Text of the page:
Even though the port charges these fees to the shippers, the companies often pass them on to consumers by increasing the price of the transported goods.  

So, dwell fees have a significant cost for shipping companies and end-consumers alike. Their effect ripples through the entire supply chain. 

That’s why minimising dwell time is paramount!

But to find strategies that can help keep dwell costs low, we must get to the root of the problem — port infrastructure.

Key Port Components and their Impact on Dwell Time

The operation of a port involves many different components and processes, all of which can impact the time that containers and cargo spend there. 

Let’s look at the port components that affect operational efficiency and understand how they can impact dwell time.


Component #1: Berths

A berth is a place to stop and secure a vessel for cargo transfer. Container and break-bulk vessels need bigger berths as the vessel’s full length is needed to unload and load cargo.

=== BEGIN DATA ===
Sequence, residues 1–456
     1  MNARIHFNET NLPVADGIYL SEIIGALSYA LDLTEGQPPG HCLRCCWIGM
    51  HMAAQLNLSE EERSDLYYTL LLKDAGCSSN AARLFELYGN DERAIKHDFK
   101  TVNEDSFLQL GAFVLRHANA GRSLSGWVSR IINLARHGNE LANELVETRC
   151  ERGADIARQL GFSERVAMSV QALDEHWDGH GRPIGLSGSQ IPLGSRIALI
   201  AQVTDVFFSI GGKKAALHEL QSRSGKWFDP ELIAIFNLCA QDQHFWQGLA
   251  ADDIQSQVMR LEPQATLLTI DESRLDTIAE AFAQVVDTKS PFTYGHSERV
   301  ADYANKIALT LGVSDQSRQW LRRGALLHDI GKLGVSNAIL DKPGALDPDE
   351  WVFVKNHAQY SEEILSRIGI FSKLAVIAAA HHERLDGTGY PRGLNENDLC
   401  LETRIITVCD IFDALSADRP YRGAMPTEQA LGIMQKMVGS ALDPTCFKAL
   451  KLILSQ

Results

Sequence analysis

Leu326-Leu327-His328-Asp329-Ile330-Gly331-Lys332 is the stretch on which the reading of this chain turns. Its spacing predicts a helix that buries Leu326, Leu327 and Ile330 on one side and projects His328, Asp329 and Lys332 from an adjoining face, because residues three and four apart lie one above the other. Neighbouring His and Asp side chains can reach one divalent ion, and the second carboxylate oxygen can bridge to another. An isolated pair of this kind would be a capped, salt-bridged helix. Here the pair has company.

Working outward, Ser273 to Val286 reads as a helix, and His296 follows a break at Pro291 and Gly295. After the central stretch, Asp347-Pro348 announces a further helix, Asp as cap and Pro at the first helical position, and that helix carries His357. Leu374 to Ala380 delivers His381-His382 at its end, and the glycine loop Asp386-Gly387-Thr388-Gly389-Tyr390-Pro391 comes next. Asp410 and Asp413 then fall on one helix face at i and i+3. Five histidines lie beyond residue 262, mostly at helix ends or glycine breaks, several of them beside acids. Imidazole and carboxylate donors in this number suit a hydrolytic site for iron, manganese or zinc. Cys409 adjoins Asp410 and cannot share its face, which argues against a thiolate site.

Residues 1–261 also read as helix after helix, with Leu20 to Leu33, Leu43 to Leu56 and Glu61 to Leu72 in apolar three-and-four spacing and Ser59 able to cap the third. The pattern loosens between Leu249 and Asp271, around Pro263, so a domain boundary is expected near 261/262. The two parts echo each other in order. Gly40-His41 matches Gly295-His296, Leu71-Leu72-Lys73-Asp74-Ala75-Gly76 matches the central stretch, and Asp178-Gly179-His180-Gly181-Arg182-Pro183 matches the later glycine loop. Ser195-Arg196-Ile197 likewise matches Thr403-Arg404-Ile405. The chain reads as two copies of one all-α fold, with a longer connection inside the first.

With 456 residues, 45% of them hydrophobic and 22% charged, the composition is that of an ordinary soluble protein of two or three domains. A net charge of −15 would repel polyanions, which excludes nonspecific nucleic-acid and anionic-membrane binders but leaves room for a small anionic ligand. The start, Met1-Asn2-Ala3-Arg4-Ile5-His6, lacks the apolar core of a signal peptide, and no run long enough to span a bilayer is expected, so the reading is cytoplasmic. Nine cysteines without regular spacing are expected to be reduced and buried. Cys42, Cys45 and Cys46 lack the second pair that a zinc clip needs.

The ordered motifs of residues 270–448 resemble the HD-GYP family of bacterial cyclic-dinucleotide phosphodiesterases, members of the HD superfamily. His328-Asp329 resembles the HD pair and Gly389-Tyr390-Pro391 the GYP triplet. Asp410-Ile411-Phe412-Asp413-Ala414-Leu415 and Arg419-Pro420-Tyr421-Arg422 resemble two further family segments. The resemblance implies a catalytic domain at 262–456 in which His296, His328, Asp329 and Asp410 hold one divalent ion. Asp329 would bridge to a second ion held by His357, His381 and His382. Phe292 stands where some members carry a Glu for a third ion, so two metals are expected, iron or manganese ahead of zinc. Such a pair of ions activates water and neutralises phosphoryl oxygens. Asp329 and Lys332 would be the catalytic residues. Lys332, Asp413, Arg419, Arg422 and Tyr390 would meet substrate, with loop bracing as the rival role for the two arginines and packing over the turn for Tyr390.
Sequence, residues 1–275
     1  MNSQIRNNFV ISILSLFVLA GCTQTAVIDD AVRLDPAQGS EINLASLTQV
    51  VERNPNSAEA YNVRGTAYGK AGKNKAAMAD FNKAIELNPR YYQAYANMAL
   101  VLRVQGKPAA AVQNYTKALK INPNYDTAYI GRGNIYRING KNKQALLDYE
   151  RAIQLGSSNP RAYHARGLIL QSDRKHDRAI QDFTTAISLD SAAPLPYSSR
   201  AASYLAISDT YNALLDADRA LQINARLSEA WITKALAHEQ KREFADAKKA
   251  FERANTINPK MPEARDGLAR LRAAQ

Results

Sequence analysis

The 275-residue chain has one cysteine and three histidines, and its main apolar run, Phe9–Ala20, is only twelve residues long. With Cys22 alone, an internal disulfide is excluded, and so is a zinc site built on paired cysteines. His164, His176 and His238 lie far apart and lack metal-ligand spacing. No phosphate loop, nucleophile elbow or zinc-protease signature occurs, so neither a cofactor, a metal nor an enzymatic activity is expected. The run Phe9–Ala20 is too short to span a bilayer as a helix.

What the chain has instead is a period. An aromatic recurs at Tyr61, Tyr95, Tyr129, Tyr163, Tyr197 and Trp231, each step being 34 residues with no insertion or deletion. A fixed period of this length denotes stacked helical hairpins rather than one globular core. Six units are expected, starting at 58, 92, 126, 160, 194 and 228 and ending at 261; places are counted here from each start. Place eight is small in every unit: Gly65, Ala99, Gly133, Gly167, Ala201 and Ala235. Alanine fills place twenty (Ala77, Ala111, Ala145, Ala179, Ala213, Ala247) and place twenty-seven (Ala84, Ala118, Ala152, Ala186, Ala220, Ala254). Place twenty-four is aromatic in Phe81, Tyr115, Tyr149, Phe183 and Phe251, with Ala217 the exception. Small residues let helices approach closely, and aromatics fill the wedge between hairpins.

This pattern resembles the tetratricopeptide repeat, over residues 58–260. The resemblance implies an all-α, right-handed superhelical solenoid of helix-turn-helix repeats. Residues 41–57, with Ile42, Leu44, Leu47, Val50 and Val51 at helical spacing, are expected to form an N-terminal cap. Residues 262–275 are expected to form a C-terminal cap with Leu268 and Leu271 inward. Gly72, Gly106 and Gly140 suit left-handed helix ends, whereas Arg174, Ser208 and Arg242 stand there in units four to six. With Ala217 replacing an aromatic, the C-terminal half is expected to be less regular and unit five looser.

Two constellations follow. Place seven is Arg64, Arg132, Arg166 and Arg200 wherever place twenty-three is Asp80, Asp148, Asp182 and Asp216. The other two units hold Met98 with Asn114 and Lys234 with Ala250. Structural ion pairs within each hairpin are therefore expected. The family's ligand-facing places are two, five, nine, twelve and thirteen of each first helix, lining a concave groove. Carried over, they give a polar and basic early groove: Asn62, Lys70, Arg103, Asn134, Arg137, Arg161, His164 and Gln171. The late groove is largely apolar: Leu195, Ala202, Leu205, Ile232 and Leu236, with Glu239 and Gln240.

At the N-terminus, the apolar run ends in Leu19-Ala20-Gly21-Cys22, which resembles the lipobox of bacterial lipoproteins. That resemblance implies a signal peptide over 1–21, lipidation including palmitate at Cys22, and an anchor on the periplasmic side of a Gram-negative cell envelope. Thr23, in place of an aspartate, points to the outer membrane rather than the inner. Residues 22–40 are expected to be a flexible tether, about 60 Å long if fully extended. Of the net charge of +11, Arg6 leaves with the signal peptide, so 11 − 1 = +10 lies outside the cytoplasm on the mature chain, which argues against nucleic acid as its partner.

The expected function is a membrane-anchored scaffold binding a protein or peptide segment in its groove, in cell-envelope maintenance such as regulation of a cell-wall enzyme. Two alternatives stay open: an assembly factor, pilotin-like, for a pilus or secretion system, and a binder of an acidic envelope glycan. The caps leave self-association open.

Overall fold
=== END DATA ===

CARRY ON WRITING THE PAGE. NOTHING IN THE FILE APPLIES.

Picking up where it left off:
Roll-on/roll-off and bulk operations only require the vessel's full length occasionally. Insufficient berth availability leads to vessel delays. A delayed vessel taking berth space impacts the port’s schedules.

Component #2: Waterside access

This refers to the number of channels, anchorages and waterways available to ships outside the port.

Component #3: Channels

These navigable waterways lead from open water to the terminal. The channels must be maintained and dredged to ensure they remain navigable by all ships. 

A lack of dredging in the channel will make the port inaccessible to larger ships with deeper draughts.

Component #4: Terminals

A terminal has multiple components, each with its own berths, storage and equipment. In addition, terminal design, infrastructure and efficiency significantly impact dwell time.

Component #5: Supply-Chain Connections

Efficiency in supply-chain connections can have a significant impact on dwell time at a port. 

When the various elements of the supply chain are properly coordinated and operate smoothly, it can reduce delays and minimise the time containers and cargo spend at the port.